One of my favorite organizations has a practice that I find intriguing. They produce a Failure Report to provide transparency and accountability to their work. They identify the opportunities they missed, the lessons learned, and what they are going to do differently.
I first heard of this practice a few months ago. I’ve been thinking about it ever since. This is not a moment of shame, but a moment of honesty. We all fail, so it makes sense to use these moments to make us stronger. It strikes me that much of my writing, social media sharing, and even my everyday life is curated to present my life in a positive light. We all know that what we see on Facebook isn’t an authentic reflection of our lives, but rarely are we willing to be the one to share the behind the scenes look at life. So, here goes…
This year at work, I stood in the midst of the chaos as winds of change and difficulty swept through my office. People I cared deeply about were hurt. Many chose to move on to new opportunities, leaving a gaping space in their absence. The work around which we came together and developed as a team floundered. The trust, internal language, and momentum we created is gone. While none of this was actually my doing, I have to say that I have never tried harder to protect anything. I gave it everything I had. I was stunned to realize that all of my heart, my strength, my influence, and my prayer could not preserve this work.
I learned that I cannot take responsibility for things over which I do not have control. When faced with week after week of challenges and questions, life slowly peeled back layers of control and responsibility that were not real. I actually did not control these things, nor could I carry the weight of the responsibility for them. Every day, when I showed up for work I had to face this reality. People trusted me to take care of things, and where I could I did, but in more places I was at the mercy of things I could not take responsibility for. It was hard but somewhat freeing. To stand in the midst and realize my powerlessness in the face of devastating challenges was humbling, but I learned to go low… and I lived through it.
My sense of responsibility has always been out of whack. I have too often taken responsibility for things I have no actual power to influence, but this season provided a real adjustment. I think I understood this in theory, but this process made it real in new ways. It has helped me take responsibility for myself and let go of the outcome differently. I feel stronger, tempered by this process. There is something to be said for walking through the fire and surviving… it takes the fear of the flame away as we begin the rebuilding process.
This year in ministry, I found that I did not have enough energy and time to maintain relationships and a position that have been a part of my life for over twenty years. No amount of good intention seemed to make a way forward possible. I finally came to a realization that my path led in a different direction. Letting go of that role and admitting that I could no longer be part of that team broke my heart.
This ending has coincided with a new beginning. My desire to serve, to impact, to touch the lives of others has found new avenues, specifically through my writing. I probably would never have had the courage to write if other more familiar doors had remained open. My life made the things I did before to difficult. The closing of an old door has opened up new opportunities. I am learning to trust that there is a way forward for me, even when it isn’t readily obvious.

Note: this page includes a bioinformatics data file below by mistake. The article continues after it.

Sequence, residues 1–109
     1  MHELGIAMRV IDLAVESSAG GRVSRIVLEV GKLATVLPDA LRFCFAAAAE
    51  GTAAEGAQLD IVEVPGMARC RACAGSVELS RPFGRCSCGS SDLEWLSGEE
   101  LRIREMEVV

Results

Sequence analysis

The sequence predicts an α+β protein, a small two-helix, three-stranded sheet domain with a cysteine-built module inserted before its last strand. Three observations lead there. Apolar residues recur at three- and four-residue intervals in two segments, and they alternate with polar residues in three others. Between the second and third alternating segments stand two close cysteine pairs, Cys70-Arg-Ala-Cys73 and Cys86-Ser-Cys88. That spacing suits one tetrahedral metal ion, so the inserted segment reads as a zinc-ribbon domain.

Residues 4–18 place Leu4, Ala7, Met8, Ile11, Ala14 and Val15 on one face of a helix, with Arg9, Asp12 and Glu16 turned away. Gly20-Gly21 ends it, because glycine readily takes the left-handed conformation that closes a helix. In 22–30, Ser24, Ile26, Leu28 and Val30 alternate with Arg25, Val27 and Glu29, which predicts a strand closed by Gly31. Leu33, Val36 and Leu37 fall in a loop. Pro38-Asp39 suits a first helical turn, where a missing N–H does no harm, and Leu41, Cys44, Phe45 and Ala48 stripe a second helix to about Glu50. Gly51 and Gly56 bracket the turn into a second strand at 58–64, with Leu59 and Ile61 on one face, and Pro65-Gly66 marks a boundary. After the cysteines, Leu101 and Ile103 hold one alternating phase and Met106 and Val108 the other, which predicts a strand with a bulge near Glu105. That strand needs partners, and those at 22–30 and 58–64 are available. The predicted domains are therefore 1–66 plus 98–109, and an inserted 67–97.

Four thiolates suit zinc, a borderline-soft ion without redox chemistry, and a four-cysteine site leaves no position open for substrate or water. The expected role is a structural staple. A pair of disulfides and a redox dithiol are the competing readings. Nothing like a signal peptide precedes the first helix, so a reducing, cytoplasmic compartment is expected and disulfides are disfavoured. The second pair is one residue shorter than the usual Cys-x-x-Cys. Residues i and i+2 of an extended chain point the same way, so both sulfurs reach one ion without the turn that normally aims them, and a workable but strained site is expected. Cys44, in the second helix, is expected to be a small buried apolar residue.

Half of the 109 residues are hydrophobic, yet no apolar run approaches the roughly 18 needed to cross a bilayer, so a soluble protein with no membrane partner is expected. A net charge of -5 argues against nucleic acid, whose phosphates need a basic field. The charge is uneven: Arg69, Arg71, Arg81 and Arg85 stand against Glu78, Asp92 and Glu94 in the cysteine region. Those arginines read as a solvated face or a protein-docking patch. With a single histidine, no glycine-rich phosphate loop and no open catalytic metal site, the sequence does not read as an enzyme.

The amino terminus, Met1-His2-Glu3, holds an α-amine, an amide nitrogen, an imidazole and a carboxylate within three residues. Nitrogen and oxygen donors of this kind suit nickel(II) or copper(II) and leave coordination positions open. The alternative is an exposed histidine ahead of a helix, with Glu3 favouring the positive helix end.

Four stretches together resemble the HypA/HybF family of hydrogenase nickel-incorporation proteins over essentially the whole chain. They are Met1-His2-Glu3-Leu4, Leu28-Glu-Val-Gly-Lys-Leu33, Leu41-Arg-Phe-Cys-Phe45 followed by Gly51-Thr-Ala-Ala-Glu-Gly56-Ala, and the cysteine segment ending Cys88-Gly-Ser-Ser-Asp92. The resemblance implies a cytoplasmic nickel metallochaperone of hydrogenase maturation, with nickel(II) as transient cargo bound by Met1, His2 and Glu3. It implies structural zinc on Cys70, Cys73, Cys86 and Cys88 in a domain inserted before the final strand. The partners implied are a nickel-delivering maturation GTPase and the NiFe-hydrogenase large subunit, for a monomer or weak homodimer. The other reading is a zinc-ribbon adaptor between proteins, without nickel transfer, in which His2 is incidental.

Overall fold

I am committed to create space for writing. It feels important protect and nurture this new thing. Writing has always been a part of my life, but I never imagined that sharing my writing could bring such joy. I always felt that writing was such a flat medium compared to teaching. My experience as a teacher always provided such immediate feedback, which writing surely doesn’t. But writing has its own joy and I am reveling in that for now.
As the year comes to an end, I realize there are some things I need to address in my heart. Loving people is hard. Loving people freely without keeping score is nearly impossible (for me anyway). As this year comes to an end, I find too much resentment and frustration in my relationships. I want the people I love to love me back, in very specific ways. I want to control the outcome. When I can’t, my heart grows heavy. Much of the discouragement and distress I struggle with comes from this simple truth. It is humbling to continually come back to this realization.
I know that love is best offered freely, without demands. Yet, I still try to get people to love me back. Love cannot be demanded, it must be freely given and simply received or it is not love. I am learning to let people off the hook, to let them love me back or not… and to keep loving. Not withdrawing to a position of defense, but to stay in the fray with people as they are. Mostly, because this is how I need to be loved.
So, I am choosing to lean hard against the One who loves me best and to find His love for my people. I will choose to show up, to risk my heart, to live open-hearted. I will trust that love will come, from lots of directions even if it doesn’t come back to me in the way I hoped it would. I will trust the river of life to bring more love, more joy, more life even as I give it away.
2015 has been a year of challenge and growth for me. I’ll bet it has been for you as well. What are the things you have learned? What are you doing with them?